Back in January, I wrote a post about The Jazz Singer and how that movie was based on a Samson Raphaelson play and short story. The Jazz Singer was Raphaelson’s first film credit, but he went on to write and gain credits for more than a total of five decades. His two most well-known scripts were The Shop Around the Corner (1940) which starred Jimmy Stewart and was directed by Ernst Lubitsch, and Suspicion which featured an Oscar-winning performance by Joan Fontaine. (The film also co-starred Cary Grant and was directed by Alfred Hitchcock.)
It turns out he wrote a book back in the late forties called The Human Nature of Playwriting. I’m not sure if any other screenwriting blogs have discovered this book, but I had never heard of it before. It’s out of print, but I tracked now a copy at screenwriter John August’s old stomping grounds—Drake University in Des Moines. I don’t know if August ever checked this book out from the Cowles Library back in his undergraduate days, but I’m guessing it’s been there a couple of decades.
So a couple of months ago when I was doing some post-production work in Des Moines I found my way to the Drake campus to do a quick read of Raphaelson’s book. Raphaelson was born in New York City in 1894, but according to an article by Smith Glaney he spent his teenage years in Chicago and studied English at the Illinois Institute of Technology. (He graduated from the University of Illinois at Urbana-Champaign in 1917 and that’s where his papers are archived.*) In the spring of 1948, well into his career, Professor Fred S. Slevert asked Raphaelson to speak to the school of Journalism at U of I. A stenographer was on hand to record the entire four-month class. And that was the basis for the book. And there it sits on the shelf at Drake, right next to the classic Kenneth Rowe book Write that Play.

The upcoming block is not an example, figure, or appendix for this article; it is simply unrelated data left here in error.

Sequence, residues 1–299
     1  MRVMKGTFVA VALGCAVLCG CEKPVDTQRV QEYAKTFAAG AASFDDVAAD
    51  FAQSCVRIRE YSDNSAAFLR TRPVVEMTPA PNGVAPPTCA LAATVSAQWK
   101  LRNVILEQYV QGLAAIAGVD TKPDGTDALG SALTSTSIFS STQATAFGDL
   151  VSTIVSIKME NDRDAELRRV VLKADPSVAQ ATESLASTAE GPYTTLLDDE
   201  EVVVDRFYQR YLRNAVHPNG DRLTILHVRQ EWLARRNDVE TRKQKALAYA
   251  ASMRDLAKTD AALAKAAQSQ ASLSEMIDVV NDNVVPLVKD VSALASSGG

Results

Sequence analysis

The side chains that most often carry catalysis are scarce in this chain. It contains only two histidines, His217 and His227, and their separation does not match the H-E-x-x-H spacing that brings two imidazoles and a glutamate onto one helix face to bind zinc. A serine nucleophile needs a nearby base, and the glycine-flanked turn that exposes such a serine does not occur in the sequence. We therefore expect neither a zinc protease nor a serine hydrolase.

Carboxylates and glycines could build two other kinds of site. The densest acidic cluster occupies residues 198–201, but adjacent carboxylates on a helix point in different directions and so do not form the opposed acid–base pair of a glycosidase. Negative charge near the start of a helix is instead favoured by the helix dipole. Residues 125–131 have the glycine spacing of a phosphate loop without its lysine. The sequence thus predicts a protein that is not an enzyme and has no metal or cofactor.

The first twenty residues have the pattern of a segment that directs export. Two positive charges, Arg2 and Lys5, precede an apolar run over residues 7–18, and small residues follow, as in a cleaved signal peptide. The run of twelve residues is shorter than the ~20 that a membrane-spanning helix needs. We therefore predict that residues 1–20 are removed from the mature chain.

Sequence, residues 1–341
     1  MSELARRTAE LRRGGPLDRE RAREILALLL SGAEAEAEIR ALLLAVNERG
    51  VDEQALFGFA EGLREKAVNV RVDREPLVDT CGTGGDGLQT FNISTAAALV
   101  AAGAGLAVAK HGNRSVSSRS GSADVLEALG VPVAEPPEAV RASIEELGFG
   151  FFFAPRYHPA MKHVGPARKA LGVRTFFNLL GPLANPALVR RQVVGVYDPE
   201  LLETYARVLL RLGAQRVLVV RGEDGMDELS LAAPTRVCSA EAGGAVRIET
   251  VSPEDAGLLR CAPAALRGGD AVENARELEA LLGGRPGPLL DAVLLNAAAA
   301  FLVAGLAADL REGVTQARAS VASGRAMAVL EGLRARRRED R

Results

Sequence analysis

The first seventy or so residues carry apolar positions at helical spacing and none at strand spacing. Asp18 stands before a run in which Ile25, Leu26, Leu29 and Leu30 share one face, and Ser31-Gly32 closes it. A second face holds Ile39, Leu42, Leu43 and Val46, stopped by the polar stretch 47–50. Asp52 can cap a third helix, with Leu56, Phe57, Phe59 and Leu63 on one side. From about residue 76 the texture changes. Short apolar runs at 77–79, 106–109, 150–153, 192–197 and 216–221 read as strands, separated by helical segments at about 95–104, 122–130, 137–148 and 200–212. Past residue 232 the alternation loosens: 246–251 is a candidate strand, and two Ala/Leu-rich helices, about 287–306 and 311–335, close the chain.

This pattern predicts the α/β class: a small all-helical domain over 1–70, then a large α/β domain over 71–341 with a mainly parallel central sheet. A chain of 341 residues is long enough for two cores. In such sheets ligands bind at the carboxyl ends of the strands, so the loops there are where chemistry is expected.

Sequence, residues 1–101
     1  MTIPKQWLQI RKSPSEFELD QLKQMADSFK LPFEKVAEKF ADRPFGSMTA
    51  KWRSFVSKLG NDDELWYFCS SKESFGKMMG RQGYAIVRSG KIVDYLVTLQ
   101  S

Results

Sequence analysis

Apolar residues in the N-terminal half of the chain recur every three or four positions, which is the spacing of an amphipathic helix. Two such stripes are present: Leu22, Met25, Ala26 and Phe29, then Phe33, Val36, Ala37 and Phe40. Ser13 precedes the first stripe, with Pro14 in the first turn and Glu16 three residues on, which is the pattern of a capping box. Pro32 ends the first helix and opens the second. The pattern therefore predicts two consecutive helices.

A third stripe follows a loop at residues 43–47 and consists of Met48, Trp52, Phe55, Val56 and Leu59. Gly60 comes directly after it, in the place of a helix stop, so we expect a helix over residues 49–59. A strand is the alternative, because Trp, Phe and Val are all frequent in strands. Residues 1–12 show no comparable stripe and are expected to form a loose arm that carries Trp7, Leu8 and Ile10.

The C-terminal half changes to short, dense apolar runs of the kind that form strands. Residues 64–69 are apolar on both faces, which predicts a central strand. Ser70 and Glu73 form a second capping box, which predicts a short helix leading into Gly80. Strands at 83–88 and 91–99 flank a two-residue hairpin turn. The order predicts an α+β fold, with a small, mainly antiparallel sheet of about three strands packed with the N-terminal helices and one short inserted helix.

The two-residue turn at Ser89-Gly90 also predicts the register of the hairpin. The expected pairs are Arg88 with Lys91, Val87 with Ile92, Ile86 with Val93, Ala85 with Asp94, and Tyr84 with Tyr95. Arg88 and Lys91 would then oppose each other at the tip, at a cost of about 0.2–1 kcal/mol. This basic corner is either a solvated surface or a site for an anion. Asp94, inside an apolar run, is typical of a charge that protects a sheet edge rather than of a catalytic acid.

So for the next few days I’ll pass on some quotes from the class.
“The creative piece of writing—play, story, poem, rides on emotion. Usually on the emotion of the central character. By emotion I mean hunger, a desire, something burning under that character, humming and beating like a motor, sending him forward.”
The Human Nature of Playwriting
*Back in 1921 Raphaelson wrote the fight song for the University of Illinois— “Fight, Illini!: The Stadium Song.” The next year he wrote the short story The Day of Atonement which got published and later became the play The Jazz Singer.
P.S. Excellent article where Betty Kaklamanidou compares Little Shop Around the Corner with the Tom Hanks/Meg Ryan film You’ve Got Mail.